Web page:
Review Summary: Pink Cream 69 has become a streamlined, straight forward rock band. If this frightens you, please do not continue reading.
If you have been craving some new Pin Cream 69 tunes in the past six years, then look no further than Ceremonial to get your much-needed fix. Combining all of the elements which make this German-based band such a rare commodity of pure melodic class and rock n roll, Ceremonial takes the listener on a journey which spans twenty odd years since the group’s birth in the late 80’s. Any fan of the band or even good melodic rock would be wise to not pass this baby up!
Unfortunately Ceremonial starts out rocky from the start. ‘Land of Confusion’ does not hold a candle to what PC69 is capable of. In fact, I believe this to be one of the worst songs the group has ever written, including the abysmal ‘Fly On’ off ‘Food for Thought’. But thankfully, the band regain their footing on the second track and launch into a tasty number titled, ‘Wasted Years’ which is not a Maiden cover. This is the song that should have led the charge of the album; instead it makes ‘Land of Confusion’ sound silly and awkward which it already was anyway. Lead single ‘Special’ erupts from the speakers with a quality riff and a head-bobbing attitude accompanied with a killer chorus. It should be mentioned here that vocalist David Readman has lost nothing over the course of time. Instead of sounding forced and tired, he sounds absolutely invigorated and ready to tear through each and every song. Somebody should really go looking for that fountain of youth he has stashed somewhere in his house.
‘Find Your Soul’ provides unnecessary filler which is quite unfortunate seeing that Ceremonial opened with filler. But four minutes later, ‘The Tide’ washes to shore and gives us the best power ballad PC69 has ever recorded. The verses are crooned in a heartfelt manner and the chorus is just a slice of heaven recorded in a studio. ‘Big Machine’ rocks the listener back into reality, boasting some aggressive vocals from Readman and some great drumming from newcomer, Chris Schmidt. The chorus of ‘Big Machine’ does not carry the energy of the verses but the song still manages to keep its head above filler water. ‘Let the Thunder Roll’ suffers from the same affliction as ‘Big Machine’. Both have fine verses but drop to their knees with a weak and uninteresting chorus. This shocks me a bit seeing as PC69 is world renowned for prompting some of the finest refrains in Germany! ‘Right from Wrong’, ‘Passage of Time’, and ‘I Came to Rock’ are all solid rocking tunes with their own little stylistic flares to be heard, but it is in the quasi-ballad ‘King for a Day’ where PC69 shines again like no other. Finally, the band gives us a much needed strong chorus alongside faithful vocals and great guitars from the combined efforts of Alfred Koffler and Uwe Reitenauer. ‘Superman’ closes the album on somewhat of an uneven note but is still strong enough of a song to be appearing on a PC69 record.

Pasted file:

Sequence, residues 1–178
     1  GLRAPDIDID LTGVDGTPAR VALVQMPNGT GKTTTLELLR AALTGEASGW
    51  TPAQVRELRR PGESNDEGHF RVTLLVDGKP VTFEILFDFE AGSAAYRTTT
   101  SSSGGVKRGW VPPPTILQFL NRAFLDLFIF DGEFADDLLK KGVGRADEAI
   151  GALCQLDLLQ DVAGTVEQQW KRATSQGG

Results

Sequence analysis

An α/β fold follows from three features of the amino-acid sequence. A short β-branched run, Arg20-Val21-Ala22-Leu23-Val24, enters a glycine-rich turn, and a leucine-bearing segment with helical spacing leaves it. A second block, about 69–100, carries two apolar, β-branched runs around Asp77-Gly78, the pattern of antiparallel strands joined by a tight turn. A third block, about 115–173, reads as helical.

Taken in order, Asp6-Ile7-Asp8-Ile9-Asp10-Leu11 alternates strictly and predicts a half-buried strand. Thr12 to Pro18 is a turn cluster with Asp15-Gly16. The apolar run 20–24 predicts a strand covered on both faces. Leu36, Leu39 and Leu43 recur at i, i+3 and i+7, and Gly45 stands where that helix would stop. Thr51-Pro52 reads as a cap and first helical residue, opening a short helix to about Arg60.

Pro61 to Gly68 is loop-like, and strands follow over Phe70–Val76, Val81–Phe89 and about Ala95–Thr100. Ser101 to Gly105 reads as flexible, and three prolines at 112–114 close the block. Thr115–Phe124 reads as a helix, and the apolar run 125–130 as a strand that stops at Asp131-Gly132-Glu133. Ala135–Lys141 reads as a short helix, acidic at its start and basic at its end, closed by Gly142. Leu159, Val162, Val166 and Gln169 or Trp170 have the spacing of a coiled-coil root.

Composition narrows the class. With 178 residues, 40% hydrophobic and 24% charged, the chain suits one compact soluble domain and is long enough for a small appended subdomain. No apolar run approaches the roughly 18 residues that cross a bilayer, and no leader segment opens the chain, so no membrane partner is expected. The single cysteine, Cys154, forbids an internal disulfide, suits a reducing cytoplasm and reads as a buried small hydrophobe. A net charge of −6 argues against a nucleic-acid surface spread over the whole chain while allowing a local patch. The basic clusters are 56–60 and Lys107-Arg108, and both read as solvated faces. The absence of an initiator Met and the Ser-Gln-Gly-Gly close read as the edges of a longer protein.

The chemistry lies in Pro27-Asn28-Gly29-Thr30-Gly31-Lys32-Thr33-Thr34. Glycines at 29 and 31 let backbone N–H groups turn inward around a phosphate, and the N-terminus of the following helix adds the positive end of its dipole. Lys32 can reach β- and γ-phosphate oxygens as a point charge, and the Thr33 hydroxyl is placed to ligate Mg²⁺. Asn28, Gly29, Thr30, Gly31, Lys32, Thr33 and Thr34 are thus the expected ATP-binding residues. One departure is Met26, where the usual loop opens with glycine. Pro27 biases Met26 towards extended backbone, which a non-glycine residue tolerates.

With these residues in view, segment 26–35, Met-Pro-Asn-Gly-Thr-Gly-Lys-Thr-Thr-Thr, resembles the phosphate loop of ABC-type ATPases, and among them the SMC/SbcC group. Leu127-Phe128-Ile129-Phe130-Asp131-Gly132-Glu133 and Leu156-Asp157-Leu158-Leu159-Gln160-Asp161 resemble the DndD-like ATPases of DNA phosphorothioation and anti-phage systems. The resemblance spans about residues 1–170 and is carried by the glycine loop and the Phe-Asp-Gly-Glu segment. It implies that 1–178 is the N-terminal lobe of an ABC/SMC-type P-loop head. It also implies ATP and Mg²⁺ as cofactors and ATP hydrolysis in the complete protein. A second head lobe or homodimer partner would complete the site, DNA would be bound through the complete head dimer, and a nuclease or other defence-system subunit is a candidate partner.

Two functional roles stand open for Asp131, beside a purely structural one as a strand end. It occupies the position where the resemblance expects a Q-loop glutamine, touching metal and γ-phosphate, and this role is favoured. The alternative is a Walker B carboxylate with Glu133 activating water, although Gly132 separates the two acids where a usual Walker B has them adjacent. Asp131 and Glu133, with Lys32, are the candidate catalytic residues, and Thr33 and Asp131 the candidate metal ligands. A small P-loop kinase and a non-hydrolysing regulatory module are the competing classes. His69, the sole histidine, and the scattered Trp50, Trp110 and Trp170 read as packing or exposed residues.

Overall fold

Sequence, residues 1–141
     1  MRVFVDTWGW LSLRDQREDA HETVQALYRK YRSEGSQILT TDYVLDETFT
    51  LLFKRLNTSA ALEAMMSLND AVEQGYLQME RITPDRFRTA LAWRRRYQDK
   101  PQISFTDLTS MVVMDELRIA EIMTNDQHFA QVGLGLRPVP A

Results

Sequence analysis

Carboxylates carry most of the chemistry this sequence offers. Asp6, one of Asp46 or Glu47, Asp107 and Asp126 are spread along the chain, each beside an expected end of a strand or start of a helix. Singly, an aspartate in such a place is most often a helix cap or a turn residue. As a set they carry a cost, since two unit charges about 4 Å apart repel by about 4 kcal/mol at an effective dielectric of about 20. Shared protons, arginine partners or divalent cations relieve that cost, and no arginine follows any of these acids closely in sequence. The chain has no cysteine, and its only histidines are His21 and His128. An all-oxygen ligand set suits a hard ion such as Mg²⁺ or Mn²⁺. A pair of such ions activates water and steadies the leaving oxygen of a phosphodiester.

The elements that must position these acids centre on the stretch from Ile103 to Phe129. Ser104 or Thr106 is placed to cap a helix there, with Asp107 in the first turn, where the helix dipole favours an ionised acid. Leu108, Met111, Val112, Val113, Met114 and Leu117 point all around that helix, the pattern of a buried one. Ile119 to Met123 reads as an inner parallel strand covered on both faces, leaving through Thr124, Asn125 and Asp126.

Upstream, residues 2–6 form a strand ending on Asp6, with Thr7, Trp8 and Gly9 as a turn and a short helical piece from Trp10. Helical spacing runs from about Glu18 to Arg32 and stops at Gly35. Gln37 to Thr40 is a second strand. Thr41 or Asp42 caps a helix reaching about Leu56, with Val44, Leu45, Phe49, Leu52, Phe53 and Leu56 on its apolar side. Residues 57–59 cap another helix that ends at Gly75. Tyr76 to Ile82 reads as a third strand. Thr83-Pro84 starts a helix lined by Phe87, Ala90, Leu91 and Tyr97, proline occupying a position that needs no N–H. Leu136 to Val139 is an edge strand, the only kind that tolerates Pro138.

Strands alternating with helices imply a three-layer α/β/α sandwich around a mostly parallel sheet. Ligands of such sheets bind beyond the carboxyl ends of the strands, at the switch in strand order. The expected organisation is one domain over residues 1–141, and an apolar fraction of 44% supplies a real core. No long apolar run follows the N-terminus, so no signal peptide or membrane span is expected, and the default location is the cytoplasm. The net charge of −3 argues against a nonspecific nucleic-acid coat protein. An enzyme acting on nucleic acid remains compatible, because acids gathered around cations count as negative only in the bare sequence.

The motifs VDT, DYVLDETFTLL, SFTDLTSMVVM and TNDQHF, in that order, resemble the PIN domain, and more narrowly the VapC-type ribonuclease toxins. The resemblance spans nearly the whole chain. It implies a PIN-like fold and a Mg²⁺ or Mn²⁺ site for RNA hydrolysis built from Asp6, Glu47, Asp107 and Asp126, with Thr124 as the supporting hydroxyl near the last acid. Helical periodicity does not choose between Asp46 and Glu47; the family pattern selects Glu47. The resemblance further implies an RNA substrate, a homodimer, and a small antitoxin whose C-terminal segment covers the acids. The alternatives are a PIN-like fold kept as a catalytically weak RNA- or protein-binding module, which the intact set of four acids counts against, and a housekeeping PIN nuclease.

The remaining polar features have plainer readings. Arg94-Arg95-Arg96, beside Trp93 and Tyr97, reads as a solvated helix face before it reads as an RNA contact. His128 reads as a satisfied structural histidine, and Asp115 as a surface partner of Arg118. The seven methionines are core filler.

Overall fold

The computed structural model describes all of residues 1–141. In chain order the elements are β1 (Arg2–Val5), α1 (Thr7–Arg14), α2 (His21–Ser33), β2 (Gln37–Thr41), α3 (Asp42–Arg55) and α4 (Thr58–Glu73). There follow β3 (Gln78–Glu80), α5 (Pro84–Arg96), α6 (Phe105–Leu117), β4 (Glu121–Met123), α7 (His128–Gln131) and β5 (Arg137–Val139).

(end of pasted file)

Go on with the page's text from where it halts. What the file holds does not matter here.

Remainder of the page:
In10sity of six years prior hit me harder than Ceremonial. There is no denying that this time around, the band fiddled with a more refined rock sound than a metal sound. Such experimentation is fine but the band seems out of place playing straight forward rock numbers instead of the hyper style melodic rock and metal which flowed from efforts like Electrified and Thunderdome. But this is a solid album and an effort fans will consider simply ‘good’ but nothing more. Coming from a fan that has waited six years for Ceremonial to finally arrive, I cannot help but feel a little disappointed but still satisfied nonetheless. I came for a PC69 fix and that’s exactly what I got; nothing more, nothing less. Plus a silver lining can be found here; namely the new Voodoo Circle album released soon with none other than David Readman supplying the vocals. All in all, I believe what Ceremonial dropped, Voodoo Circle’s More Than One Way Home will carefully piece back together.